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4/15/2017 5:27:00 PM
COMMENTARY: Redistricting in Indiana doesn't have to be difficult

John Pickerill, past chairman of the Montgomery County Republican Party, wrote this for the Indiana Policy Review Foundation. A graduate of Purdue University and the Navy Nuclear Propulsion Program, Pickerill retired from the U.S. Navy with the rank of Commander. His column appears in Indiana newspapers.

After the next census in 2020 the Indiana General Assembly will once again take on the task of redrawing the state’s election districts. Because Republicans hold a super-majority in both the House and Senate in Indianapolis, there is concern they’ll game the system and draw the lines to defend their super-majority at the expense of everyone else.

Some have even called for creating a non-partisan “redistricting commission” to draw the lines instead of letting the General Assembly do it. That’s a nice thought, but good luck on finding enough non-partisan people in this day and age to appoint to such a commission.

But there might be a way out of this dilemma. A wise man said, “If you want a new idea, read an old book.” What if we followed the model of the U.S. Constitution in how its House and Senate are set up? The U.S. House districts are redrawn every 10 years by population, yes. But the U.S. Senate always stays the same (each state gets two senators no matter how big or small the state).

In Indiana we have 100 state representatives and 50 senators. There are 92 counties in Indiana. Why not change the Indiana House to 92 state representatives and assign one to each county? You would never have to redraw House districts again. Oh, sure, you’d still have to redraw the Senate districts, but it would be a big improvement over the system we have today.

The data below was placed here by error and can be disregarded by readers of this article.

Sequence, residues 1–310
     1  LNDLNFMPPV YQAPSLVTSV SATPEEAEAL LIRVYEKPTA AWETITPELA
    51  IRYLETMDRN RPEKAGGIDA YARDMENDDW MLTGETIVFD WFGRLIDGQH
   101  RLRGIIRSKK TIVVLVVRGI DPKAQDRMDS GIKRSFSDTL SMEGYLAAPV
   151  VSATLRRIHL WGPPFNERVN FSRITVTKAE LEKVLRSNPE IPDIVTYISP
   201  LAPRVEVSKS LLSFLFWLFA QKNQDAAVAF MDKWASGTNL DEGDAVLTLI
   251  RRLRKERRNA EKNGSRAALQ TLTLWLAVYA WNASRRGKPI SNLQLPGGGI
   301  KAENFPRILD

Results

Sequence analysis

It would have the added bonus of rebalancing power in the statehouse. More and more each year, big-city interests dominate over rural interests. But this fixes that. With a House composed of one representative from each county, a small rural county has an equal vote as Marion County, Allen County (Ft. Wayne), Vanderburgh County (Evansville), or Lake County (Gary/Hammond). So any proposed legislation would have to pass both the Senate (based on population) and the House (where each county gets one representative no matter how big or small the county). City interests and rural interests would finally be balanced.

But back to the problem at hand, this idea would prevent one political party from completely dominating how election districts are redrawn. And all without the added complexity of introducing a “non-partisan” redistricting commission.

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Editor, John C. DePrez Jr.; Executive Editor, Carol Rogers; Publishers: IBRC and IAR


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